The first of Tarantino’s movies to address Tinseltown head-on, this off-kilter $100 million period piece appropriately boasts the most star-studded cast the auteur has ever assemble. The 1969-set story is still under wraps, but we know that Leonardo DiCaprio takes center stage as Rick Dalton, a television actor who’s struggling with the transition to the big screen. That’s bad news for Cliff Booth (Brad Pitt), Rick’s longtime stuntman and best friend. Somehow, these two wannabes manage to cross paths with every major figure in the final hours of Hollywood’s golden age, including Steve McQueen (Damian Lewis), Bruce Lee (Mike Moh), Sharon Tate (Margot Robbie), and Charles Manson (Damon Herriman), among many, many others. If “Once Upon a Time in Hollywood” doesn’t turn out to be the best Quentin Tarantino movie, it’s at least guaranteed to be the most Quentin Tarantino movie. We’ll find out when it premieres at Cannes 25 years to the day after “Pulp Fiction” won the Palme d’Or. —DE

“Port Authority” (Danielle Lessovitz)

After directing several short films over the last decade, San Francisco-based filmmaker Danielle Lessovitz graduates to feature filmmaking with the drama “Port Authority.” The drama, executive produced by Martin Scorsese, is world premiering in the Un Certain Regard sidebar. “Port Authority” is set in New York City and centers around the romance between a midwestern transplant and a 22-year-old trans woman with ties to the city’s ballroom scene. With an inclusive relationship at its center and a woman director behind the camera, “Port Authority” already stands out in the official Cannes lineup. Expect Lessovitz to be one of the festival’s big breakouts should “Port Authority” land with critics, as one well as one of several American films vying for the Camera d’Or this year. —ZS

“Portrait of a Lady on Fire” (Céline Sciamma)

“Portrait of a Lady on Fire”

After completing a self-described trilogy of coming-of-age films — “Water Lilies,” “Tomboy,” and “Girlhood” — Cannes regular Sciamma has shifted her interests in the female experience to her first-ever period piece. Set on an isolated island during the latter half of the eighteenth century, “Portrait of a Lady on Fire” features “Heaven Will Wait” star Noémie Merlant as a young painter commissioned for a strange endeavor: to craft a portrait of young bride-to-be (Sciamma’s frequent star Adèle Haenel) without her knowing. Intent on capturing the essence of her subject, Merlant’s Marianne grows closer to Haenel’s Héloïse in the lead-up to a wedding that doesn’t sound entirely happy, which culminates in an unexpected bond cast against dire circumstances. The film marks Sciamma’s first foray into the festival’s Competition — “Water Lilies” debuted in Un Certain Regard in 2007 — and sounds like the kind of bold and yes, fiery entry that might have the power to surprise in a stacked slate. —KE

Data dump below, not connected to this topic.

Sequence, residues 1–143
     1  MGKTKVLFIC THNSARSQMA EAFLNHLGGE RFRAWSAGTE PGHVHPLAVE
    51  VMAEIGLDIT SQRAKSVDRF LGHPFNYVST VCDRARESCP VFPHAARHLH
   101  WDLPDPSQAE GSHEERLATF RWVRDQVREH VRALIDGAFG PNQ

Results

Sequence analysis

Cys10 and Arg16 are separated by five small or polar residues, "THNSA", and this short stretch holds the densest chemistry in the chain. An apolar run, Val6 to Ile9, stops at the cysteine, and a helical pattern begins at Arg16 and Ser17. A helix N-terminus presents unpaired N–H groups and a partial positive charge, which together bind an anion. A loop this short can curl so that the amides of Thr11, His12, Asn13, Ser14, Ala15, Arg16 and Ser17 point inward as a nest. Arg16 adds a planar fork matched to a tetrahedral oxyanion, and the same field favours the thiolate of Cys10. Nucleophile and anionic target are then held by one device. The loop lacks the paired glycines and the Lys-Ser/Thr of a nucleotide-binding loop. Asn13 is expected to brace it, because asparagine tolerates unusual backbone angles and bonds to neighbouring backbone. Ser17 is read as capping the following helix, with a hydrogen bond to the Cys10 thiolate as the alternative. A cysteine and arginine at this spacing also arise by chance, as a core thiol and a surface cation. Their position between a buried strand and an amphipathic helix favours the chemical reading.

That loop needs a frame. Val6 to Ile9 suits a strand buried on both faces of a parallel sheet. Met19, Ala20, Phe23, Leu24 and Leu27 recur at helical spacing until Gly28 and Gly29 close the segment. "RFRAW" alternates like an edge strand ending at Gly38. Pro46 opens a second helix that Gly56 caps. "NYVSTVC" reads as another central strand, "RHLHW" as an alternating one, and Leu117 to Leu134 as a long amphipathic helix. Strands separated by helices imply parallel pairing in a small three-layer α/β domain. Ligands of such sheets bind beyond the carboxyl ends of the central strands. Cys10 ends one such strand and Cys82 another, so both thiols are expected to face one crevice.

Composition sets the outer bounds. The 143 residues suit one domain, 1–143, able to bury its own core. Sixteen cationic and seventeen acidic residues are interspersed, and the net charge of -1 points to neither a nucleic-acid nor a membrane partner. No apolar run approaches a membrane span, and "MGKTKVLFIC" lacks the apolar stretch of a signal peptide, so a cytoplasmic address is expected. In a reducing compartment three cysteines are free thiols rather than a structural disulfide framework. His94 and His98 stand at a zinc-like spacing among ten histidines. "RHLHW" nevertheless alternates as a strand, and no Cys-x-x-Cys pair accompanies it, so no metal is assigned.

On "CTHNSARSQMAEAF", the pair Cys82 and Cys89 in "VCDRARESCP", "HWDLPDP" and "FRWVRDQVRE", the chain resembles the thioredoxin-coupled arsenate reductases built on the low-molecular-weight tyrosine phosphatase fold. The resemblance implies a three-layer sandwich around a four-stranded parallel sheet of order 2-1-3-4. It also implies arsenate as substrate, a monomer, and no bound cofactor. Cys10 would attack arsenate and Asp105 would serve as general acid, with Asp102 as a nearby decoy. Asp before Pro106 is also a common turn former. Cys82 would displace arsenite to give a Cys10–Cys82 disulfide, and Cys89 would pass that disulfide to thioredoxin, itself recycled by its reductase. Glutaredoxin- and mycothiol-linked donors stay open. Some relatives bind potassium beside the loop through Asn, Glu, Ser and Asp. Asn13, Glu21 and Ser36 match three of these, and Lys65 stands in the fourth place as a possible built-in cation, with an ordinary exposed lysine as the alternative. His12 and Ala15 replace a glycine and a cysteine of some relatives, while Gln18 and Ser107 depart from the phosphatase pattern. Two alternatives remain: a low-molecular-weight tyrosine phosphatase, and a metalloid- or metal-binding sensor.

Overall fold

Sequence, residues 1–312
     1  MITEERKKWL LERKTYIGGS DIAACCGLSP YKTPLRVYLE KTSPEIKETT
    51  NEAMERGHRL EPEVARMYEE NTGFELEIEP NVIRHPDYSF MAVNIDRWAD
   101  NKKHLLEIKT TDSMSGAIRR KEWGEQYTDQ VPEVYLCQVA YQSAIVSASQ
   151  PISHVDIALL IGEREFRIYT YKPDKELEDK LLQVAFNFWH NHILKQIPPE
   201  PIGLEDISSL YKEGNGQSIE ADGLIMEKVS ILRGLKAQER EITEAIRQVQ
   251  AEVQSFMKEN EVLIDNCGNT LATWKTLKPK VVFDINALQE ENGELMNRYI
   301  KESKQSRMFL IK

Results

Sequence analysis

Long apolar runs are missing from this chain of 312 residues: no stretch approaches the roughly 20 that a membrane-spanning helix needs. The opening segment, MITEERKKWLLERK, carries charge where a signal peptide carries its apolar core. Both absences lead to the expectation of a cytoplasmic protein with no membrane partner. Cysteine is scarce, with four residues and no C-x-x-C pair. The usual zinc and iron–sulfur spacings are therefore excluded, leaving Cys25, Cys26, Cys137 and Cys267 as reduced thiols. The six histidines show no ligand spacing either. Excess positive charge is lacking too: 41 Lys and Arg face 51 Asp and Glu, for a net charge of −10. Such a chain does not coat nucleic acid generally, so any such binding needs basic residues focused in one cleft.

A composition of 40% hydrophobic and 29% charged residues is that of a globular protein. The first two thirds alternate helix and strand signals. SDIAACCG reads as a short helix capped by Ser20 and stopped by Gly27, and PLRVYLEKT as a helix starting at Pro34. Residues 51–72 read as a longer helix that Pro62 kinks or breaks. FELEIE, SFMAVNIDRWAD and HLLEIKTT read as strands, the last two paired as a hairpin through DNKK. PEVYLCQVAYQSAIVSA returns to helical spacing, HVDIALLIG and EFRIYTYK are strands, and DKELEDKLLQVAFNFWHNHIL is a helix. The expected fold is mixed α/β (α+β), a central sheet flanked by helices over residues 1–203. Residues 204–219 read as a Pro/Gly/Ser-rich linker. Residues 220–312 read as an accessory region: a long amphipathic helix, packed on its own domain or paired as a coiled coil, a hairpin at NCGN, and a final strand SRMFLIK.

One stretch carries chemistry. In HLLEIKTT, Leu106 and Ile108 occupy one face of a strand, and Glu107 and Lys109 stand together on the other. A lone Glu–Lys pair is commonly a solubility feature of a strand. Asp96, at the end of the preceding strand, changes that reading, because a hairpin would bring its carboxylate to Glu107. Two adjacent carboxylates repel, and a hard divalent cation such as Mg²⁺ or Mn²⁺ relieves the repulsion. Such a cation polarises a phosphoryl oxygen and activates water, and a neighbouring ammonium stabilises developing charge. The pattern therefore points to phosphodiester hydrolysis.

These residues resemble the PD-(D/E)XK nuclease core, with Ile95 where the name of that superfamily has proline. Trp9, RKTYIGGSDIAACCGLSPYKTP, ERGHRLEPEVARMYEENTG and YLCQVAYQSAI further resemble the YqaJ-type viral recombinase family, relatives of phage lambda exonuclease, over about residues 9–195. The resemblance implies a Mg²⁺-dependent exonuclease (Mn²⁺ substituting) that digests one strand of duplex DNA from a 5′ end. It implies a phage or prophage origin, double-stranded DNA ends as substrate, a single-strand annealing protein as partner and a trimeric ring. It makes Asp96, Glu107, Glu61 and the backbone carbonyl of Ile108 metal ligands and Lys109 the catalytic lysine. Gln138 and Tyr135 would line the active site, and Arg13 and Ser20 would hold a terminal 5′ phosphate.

“The Wild Goose Lake” (Diao Yinan)

One of contemporary China’s greatest and most unsparing contemporary auteurs, Diao Yinan launched onto the world stage when his masterful third feature, “Black Coal, Thin Ice” beat out “Boyhood” and “The Grand Budapest Hotel” to win the Golden Bear at the 2014 Berlin International Film Festival. His first film since that bleak noir mystery, “The Wild Goose Lake” finds Diao re-teaming with actor Liao Fan for a characteristically dark crime story about the doomed romance that sparks between a desperate prostitute (Kwai Lun-Mei) and the leader of a dangerous biker gang (Hu Ge) when they run into the same dead end in South China. If Diao’s latest is even remotely as gorgeous and enraged as his previous work, it’s sure to be one of the most exciting films in Competition. And it will be in Competition; while a number of recent Chinese festival premieres have run into censorship issues at the last minute, and Diao’s damning sensibilities might run afoul of the government’s sanitized self-image, Cannes honcho Thierry Fremaux insists that “The Wild Goose Lake” has been cleared to play. —DE